Disparities in Discipline: Exploring Social Control, Race and the Experiences of Correctional Officers
by TaLisa J. Carter, Ph.D.
Criminal justice scholarship has long recognized the pervasiveness of racial/ethnic disparities in the system. However, few have explored how criminal justice actor behavior contributes to systemic bias. Even fewer have examined how institutional responses to correctional employee behavior can perpetuate racial/ethnic disparities. This talk proposes a single theoretical framework- the Institutional Response Model of Social Control- that considers race as central to the understanding of institutional outcomes. Results of quantitative and qualitative analyses show overall support for the Institutional Response Model's three key elements: visibility of behavior, institutional context and status of the actor. Noteworthy, employee race and education level influence disciplinary processes. Policy implications of disparities in correctional employee sanctions are considered.
About the Speaker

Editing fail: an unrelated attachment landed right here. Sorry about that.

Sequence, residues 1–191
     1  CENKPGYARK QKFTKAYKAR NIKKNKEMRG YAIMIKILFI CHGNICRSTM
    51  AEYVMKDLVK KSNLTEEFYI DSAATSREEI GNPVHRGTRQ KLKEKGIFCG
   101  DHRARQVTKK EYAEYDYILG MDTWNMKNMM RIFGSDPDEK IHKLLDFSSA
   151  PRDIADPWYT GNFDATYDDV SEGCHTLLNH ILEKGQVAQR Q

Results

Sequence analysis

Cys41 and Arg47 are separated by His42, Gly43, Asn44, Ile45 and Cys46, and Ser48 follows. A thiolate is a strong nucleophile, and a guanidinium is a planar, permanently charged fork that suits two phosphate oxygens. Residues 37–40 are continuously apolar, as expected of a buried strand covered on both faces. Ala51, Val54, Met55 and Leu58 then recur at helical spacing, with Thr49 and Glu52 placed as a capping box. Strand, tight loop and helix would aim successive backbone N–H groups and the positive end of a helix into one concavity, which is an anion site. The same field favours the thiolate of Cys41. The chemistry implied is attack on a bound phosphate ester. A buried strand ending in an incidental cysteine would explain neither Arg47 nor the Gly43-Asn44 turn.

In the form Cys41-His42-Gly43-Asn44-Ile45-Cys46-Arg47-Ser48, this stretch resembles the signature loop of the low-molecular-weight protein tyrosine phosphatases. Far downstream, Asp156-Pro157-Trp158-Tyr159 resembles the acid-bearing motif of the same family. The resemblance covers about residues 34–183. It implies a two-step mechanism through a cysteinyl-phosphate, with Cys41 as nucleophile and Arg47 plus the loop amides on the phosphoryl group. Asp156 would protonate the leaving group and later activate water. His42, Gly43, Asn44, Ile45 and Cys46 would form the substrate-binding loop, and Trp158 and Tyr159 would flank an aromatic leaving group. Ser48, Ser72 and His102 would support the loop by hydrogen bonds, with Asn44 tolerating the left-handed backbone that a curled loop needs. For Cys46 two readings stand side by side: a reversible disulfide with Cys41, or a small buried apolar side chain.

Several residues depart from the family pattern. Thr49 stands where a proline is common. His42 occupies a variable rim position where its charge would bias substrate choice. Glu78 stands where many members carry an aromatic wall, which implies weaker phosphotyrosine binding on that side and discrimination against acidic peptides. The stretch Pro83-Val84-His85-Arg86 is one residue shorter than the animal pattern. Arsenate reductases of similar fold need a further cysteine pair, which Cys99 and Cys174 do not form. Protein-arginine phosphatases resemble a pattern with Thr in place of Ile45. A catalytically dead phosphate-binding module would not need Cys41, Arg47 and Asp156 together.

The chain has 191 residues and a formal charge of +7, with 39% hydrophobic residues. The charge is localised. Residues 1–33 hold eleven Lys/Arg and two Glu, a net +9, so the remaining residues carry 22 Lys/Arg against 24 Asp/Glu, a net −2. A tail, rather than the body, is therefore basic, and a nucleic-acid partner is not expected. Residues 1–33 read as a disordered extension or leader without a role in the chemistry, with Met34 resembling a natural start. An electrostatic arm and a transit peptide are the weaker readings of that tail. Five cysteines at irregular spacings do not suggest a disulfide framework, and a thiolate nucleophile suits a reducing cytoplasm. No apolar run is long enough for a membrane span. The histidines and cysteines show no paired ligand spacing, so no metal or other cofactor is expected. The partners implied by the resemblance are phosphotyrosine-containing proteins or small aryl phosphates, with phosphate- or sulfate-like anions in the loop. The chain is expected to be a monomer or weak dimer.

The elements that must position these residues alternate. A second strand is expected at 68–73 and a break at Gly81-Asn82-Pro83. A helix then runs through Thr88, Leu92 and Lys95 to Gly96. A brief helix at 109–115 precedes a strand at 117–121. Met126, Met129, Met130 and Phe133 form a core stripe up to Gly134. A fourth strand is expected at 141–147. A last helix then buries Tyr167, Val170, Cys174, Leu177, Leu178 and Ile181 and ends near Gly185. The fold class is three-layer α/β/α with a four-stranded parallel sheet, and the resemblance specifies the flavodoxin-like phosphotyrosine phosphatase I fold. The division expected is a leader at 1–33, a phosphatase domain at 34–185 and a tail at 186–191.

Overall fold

TaLisa J. Carter, Ph.D. is a native of Long Island, New York, and dedicated to understanding the interactions of deviance, social organizations, and race. Currently, she is a Postdoctoral Fellow in the Department of Justice, Law & Criminology at American University in Washington, D.C. She holds a B.A. in Criminology from the University of Pennsylvania, and a M.A. and Ph.D. both in Criminology from the University of Delaware. Dr. Carter specializes in the evaluation of formal and informal institutional policies and procedures. She also serves as a consultant to statewide departments of corrections as well as youth development organizations. Her work has been funded by the National Science Foundation and presented to practitioners and academics at numerous conferences including the American Society of Criminology, the Academy of Criminal Justice Sciences, and the American Sociological Association.